Jul 20

I was having lunch recently with a colleague when he asked, “Are you still messing around with that .NET stuff?” I could tell by the tone of his voice that he—like many computer users—still viewed .NET with suspicion.

And perhaps with good reason. Purposefully kept separate from the Windows operating system, the 22MB Microsoft .NET Framework is an hour download on dialup and four minutes on broadband. For .NET developers, this extra step adds one more hurdle for a potential customer to overcome when purchasing our software.

So in this article I attempt to demystify .NET, encourage you to download the latest version of the .NET Framework so you can run the latest and greatest .NET software, and help convince Microsoft that it needs to ensure every PC user has the newest .NET.

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May 29

The promise of end-user programming has been a fleeting one. 

First there was Hypercard for the Macintosh.  Hypercard was powerful enough to produce commercial applications but simple enough for a child to use.  Unfortunately, Hypercard proved too difficult for Apple to market properly, and besides, most developers don’t care about the Mac anyway.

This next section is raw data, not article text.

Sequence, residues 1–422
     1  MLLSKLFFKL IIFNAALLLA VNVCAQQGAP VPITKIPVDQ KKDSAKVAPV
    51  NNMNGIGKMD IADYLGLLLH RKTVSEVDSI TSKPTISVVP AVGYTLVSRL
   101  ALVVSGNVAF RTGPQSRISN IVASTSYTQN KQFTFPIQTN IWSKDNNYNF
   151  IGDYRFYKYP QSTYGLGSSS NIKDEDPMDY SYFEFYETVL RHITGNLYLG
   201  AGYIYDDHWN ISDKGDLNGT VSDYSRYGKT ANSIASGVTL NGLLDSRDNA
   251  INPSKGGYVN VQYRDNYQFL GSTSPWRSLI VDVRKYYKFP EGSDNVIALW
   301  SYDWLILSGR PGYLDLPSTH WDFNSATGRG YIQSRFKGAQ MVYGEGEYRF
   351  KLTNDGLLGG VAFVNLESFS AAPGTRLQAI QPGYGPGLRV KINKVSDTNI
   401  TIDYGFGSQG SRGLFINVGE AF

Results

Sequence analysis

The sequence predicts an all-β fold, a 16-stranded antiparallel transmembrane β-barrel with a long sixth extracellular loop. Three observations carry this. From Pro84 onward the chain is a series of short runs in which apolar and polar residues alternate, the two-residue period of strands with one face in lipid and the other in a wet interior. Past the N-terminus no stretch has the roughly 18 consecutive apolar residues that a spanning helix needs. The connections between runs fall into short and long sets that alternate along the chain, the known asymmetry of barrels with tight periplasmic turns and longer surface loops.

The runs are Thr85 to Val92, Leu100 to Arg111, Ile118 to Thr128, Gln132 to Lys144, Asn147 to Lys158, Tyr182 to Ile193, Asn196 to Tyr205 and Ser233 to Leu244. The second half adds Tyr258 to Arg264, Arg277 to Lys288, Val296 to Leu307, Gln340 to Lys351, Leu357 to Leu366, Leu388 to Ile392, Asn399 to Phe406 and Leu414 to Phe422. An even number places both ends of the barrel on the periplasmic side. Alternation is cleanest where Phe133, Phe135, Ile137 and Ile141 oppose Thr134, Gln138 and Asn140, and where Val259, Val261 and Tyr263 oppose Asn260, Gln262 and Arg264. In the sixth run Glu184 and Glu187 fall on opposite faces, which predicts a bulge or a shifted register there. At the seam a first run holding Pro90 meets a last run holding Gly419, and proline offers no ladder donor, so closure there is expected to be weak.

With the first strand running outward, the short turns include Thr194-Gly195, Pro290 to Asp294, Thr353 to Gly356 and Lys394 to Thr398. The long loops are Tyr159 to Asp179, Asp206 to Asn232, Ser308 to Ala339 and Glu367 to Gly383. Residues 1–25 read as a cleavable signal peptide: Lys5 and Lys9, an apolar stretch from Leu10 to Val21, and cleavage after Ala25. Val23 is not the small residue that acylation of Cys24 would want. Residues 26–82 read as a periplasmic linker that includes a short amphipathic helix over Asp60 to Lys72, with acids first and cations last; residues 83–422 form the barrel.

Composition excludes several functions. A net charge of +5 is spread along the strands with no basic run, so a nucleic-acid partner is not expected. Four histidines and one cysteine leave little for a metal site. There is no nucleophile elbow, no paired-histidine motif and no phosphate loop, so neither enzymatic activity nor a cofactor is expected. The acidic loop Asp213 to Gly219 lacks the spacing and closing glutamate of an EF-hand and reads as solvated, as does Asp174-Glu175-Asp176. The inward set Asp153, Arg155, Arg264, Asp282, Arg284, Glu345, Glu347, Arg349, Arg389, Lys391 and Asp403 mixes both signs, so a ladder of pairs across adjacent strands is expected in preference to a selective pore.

Microsoft followed in 1991 with Visual Basic, which retained the simplicity of the BASIC programming language while upgrading it for use on the new graphical Windows platform.  VB was such a smash success with both novice and professional programmers that at one time, over 60% of software developers reported using Visual Basic for some of their projects.  But along the way, Visual Basic matured into a real (read: complex) object-oriented programming language, leaving behind its simple roots and unfortunately many of its fans.  As a result, VB use has plummeted 35% in just the past year.

There are also new efforts by IBM and smaller companies such as DabbleDB and Zoho to turn novices into programmers.  But none have the excitement or momentum of Microsoft’s new programming tool for the masses: Popfly.

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May 24

Microsoft offers a generous program to help new independent software vendors (ISVs) develop and launch their products faster and cheaper. 

The Microsoft “Empower for ISVs” program offers software, support, and additional resources designed to help ISVs reduce development costs, test their software on multiple Windows platforms, and improve time-to-market.  Empower is a one-year membership for $375, with an opportunity to renew for a second year, and it’s available only once per company.

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